Electricity Pylon imageThe North Gauteng High Court has overruled the National Energy Regulator’s (Nersa) decision to allow Eskom to implement a 9.4% tariff increase.

Nersa is currently studying and analysing the North Gauteng High Court ruling regarding Nersa’s decision to approve Eskom’s Multi-Year Price Determination Regulatory Clearing Account (RCA) for 2013/14 financial year.

“Once Nersa has thoroughly examined the judgement by the High Court, it will take a position on the matter, which will then be communicated in due course,” the energy regulator announced.

The ruling was made on the grounds that the regulator’s rules and methodology had not been properly applied.

In March Nersa granted Eskom a 9.4% tariff increase for the 2016/17 financial year. This increase became effective from 1 April for Eskom’s direct customers and from 1 July for municipal customers.

The price hike was approved to enable Eskom to recoup expenses it hadn’t budgeted for in 2014.  Eskom says this was because the utility was forced to use expensive fuel for its gas turbines to keep the lights on.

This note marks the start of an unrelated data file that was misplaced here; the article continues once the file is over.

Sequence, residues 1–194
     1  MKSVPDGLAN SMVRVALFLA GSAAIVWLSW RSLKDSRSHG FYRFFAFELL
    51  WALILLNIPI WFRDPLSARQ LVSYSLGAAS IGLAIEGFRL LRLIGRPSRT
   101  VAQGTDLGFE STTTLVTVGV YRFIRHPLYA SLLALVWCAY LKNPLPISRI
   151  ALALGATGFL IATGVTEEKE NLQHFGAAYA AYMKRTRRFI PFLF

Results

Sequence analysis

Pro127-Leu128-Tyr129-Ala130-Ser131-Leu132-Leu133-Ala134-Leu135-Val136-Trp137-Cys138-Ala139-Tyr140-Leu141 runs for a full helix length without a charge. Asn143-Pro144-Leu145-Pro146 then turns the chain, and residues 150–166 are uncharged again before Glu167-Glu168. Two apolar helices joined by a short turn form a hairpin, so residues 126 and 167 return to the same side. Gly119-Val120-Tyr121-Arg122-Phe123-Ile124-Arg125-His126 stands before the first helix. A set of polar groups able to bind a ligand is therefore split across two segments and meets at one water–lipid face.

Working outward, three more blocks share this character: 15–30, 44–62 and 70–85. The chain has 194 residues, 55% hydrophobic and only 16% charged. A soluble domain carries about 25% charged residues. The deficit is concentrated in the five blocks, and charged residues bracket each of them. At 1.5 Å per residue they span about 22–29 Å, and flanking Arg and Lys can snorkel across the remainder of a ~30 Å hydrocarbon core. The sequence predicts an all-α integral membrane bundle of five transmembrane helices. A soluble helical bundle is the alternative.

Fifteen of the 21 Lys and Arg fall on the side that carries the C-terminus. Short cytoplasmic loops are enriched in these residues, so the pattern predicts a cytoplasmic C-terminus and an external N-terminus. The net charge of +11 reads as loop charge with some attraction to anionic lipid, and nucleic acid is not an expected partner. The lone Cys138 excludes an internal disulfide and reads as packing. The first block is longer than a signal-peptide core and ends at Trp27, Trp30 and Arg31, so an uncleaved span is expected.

The Democratic Alliance has implored Nersa and Eskom to not appeal this decision. This will mean that the tariff rate would revert back to a 3.4% increase on 2015 tariffs.

“Eskom notes the judgment by the Gauteng High Court on the RCA and will await a decision on the way forward by the National Energy Regulator of South Africa,” Eskom said in a statement.


OUTA wants to sue

Meanwhile OUTA has announced that it is investigating the possibility of a class action lawsuit against Eskom on behalf of public to recoup the amounts unlawfully charged.

“We applaud the businesses and the Nelson Mandela Bay Business Chambers for successfully challenging the irrational manner within which NERSA approved the increase in Eskom’s tariffs. Although not all amounts overcharged will be deemed significant in the eyes of some, it is an absolute matter of principle that Eskom pay back every cent they have overcharged,” said Ivan Herselman, Director of Legal Affairs at OUTA.